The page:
Steven And Roger Ham, Gay Arizona Fathers Of 12 Adopted Children, Are Officially A Family After Legal Delays

Meet The Amazing Gay Dads Who Are Raising 12 Kids

Though they reside in a state where same-sex couples can't wed or adopt, two Arizona-based gay fathers are making national headlines after successfully challenging a series of legal restrictions in becoming an official family despite the odds.

Arizona Central reports that Steven and Roger Ham, who have been together for nearly 19 years, have 12 adopted children. No doubt raising such a large brood comes with its own set of challenges, but given the lack of rights afforded to same-sex couples in the Hams' home state, the complex legalese is considerably more daunting.

After an intense legal process and a little help from Washington state-based attorney Shelly Krebs, each of the 12 children now have both men's names on their birth certificates as of July 13 -- not an easy task in a state where same-sex partners are usually barred from adopting their partner's children.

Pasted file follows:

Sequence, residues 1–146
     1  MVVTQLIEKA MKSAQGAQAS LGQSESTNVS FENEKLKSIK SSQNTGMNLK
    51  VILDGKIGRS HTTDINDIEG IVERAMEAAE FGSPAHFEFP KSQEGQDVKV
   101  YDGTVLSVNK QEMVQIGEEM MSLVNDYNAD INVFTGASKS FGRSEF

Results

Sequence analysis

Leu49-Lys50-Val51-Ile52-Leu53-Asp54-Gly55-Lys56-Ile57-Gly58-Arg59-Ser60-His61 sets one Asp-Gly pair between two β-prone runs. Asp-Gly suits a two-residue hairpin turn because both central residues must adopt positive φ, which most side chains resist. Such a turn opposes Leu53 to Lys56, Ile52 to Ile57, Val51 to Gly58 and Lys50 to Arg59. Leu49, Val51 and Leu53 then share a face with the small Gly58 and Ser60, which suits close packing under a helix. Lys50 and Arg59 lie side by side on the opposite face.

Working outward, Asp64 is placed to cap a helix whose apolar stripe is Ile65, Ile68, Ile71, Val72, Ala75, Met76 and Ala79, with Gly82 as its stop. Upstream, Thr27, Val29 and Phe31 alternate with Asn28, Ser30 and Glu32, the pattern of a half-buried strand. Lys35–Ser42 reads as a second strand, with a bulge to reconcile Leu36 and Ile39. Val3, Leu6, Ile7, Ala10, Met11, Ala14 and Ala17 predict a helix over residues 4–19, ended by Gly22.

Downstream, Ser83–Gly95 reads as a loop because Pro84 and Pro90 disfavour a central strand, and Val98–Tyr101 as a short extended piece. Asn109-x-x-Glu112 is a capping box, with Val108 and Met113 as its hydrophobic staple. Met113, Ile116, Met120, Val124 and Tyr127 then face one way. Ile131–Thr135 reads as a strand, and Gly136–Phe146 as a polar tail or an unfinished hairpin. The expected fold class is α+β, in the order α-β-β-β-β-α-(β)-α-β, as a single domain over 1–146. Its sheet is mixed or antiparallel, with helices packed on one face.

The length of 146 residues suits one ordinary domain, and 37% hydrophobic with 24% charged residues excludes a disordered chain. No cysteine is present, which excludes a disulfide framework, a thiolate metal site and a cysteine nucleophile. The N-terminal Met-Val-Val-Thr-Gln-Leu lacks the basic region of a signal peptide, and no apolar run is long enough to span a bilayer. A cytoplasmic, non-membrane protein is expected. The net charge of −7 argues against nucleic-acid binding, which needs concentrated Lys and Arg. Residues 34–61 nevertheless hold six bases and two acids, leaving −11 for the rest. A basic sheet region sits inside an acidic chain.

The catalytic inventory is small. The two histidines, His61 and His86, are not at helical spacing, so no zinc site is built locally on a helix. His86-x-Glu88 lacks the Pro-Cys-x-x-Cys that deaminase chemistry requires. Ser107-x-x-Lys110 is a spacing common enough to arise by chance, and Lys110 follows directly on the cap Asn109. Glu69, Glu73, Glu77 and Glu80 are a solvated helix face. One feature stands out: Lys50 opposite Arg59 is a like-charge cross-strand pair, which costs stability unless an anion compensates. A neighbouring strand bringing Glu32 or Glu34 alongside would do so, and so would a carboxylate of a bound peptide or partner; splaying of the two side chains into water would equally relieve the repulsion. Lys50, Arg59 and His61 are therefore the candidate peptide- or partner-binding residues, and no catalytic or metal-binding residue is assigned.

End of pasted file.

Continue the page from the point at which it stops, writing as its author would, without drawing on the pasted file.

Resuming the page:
ABC reported in 2011 that the Hams' journey began with just one child, Michael, who was then five years old. "I twisted Roger's arm to get one child," Steve is quoted as saying. "We went through process of adoption in the state of Arizona and it just escalated from that point."

Both Steven and Roger (who, as Philadelphia Magazine points out, have welcomed 30 foster kids into their home over the years) were also recently rewarded with a unique honor -- being named to Esquire's list of the 10 best dads of 2012.

The Hams' triumph comes as a pleasant antidote to last week's controversy over same-sex parenting and adoption. On Aug. 8, the American Family Association's Bryan Fischer sparked the ire of a number of lesbian, gay, bisexual and transgender (LGBT) rights advocates after he called for an "underground railroad" to "deliver innocent children" from gay households.

On Twitter, Fischer also pointed to the alleged kidnapping of 10-year-old Isabella Miller-Jenkins. Jenkins was reportedly taken to Nicaragua by her mother, Lisa Miller, who lost a series of family court battles in Vermont with Janet Jenkins, her former lesbian partner. The New York Times reported that Miller has been assisted by evangelical groups who endorsed her decision to abduct her daughter rather than expose her to Jenkins' "homosexual lifestyle."

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